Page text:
Russian President Vladimir Putin convened a session of the Russian Language Council in the Kremlin on Tuesday, during which he ordered the preparation of a “corpus of dictionaries and grammars” that will enshrine the linguistic norms that are mandatory for state organs and the media. He also approved a bill to establish a replacement for Wikipedia that is meant to provide Russians with “more reliable” information.
War has been declared against the Russian language by “cave-dwelling Russophobes”, the marginalized and aggressive nationalists – they are trying to “artificially, crudely, sometimes unceremoniously reduce the space of the Russian language in the world, driving it to the periphery,” claimed the Russian president.
According to Putin, there is a need to set out unified standards for the modern Russian language.
“I ask you to start preparing a unified corpus of dictionaries, guidebooks and grammars, which contain the standards of the modern literary language for its use as the state language of the Russian Federation. Use of them must be mandatory for all state structures, whether organs of government, executive, judicial and legislative, as well as schools and the mass media,” the Kremlin’s website cites the president as saying.
Putin also emphasized the need to replace Wikipedia, from which school children “frequently draw unreliable information”.
“As for Wikipedia… it would be better to replace it with a new Great Russian Encyclopedia in digital form. In any case, it will be reliable information in a good and modern form,” Putin said.
Development of the National Interactive Encyclopedia Portal (OIEP) will begin in 2020 and will be financed by the federal treasury.
In the draft budget for 2020-22, the equivalent of roughly $26.7 million has already been allocated to this purpose in the form of a subsidy to the publisher of the Great Russian Encyclopedia, which will create content under the supervision of the Ministry of Digital Development, Communications and Mass Media.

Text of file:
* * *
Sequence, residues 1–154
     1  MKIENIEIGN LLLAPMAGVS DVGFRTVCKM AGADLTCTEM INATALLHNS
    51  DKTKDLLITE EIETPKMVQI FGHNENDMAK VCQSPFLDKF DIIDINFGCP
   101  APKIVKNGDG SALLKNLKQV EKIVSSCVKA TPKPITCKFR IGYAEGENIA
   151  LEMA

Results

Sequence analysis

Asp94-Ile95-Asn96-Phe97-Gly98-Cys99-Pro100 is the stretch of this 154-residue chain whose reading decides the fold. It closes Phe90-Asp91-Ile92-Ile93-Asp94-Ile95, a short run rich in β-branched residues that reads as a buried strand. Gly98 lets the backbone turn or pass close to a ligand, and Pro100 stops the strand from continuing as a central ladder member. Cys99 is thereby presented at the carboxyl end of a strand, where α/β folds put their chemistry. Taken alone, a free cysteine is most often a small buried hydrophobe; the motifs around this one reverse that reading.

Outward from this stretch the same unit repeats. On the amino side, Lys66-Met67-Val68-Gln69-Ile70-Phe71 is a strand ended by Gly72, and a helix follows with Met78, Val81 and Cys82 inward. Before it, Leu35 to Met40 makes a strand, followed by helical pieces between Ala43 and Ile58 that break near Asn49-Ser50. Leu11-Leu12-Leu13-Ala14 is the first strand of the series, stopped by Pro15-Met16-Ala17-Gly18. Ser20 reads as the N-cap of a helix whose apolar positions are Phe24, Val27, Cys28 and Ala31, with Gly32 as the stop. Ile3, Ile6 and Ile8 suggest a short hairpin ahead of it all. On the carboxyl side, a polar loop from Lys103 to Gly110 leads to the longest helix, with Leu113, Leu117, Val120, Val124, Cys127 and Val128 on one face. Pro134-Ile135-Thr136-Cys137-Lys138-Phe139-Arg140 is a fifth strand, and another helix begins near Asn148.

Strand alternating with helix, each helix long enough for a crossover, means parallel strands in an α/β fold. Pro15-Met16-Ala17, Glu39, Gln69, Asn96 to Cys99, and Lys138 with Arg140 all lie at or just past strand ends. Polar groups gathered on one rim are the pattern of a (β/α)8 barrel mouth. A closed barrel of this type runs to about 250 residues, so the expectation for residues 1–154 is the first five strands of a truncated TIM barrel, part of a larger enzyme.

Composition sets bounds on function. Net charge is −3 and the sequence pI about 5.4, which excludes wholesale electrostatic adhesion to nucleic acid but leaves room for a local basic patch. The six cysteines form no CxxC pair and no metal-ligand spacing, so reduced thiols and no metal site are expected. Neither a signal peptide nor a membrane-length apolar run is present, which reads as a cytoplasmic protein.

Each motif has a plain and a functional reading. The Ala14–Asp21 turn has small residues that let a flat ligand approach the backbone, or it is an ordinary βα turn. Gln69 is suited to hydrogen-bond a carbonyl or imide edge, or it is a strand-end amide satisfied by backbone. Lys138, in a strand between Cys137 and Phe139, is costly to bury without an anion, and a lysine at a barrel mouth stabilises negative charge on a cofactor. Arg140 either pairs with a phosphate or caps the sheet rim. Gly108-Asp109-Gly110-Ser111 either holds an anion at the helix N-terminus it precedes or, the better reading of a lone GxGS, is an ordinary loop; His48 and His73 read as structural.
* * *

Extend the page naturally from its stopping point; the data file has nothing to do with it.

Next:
In July, the ministry drafted a bill to regulate the future “Rukipedia”. At the time, deputy head of the department Alexey Volin remarked that articles on the traditional Wikipedia are often unreliable, and advised against using the free encyclopedia.
Stanislav Kozlovsky, executive director of the Wikimedia Foundation (which governs Wikipedia), told Gazeta.Ru that Putin’s proposal to replace Wikipedia is alarming.
“It’s not very clear what it means to ‘replace’ Wikipedia. To block it? This nuance has not been clarified. In principle, we are only in favor of there being more sources. But whether this means destroying all the rest is not very clear. Putin probably didn’t mean the latter. I hope,” Kozlovsky remarked.
He also drew attention to the fact that Wikipedia is several times larger than the Great Russian Encyclopedia. “The GRE, which was written from 1996 and concluded in 2017, contains 80,000 articles. On Wikipedia approximately 1.6 million articles have been written in the Russian language. In other words, roughly 20 times more. And the size of the articles must also be taken into account.
The majority of articles in the GRE contain one or two paragraphs. Each year, a greater number of texts is added to the Russian-language section of Wikipedia than were written for the GRE in 21 years,” Kozlovsky explained.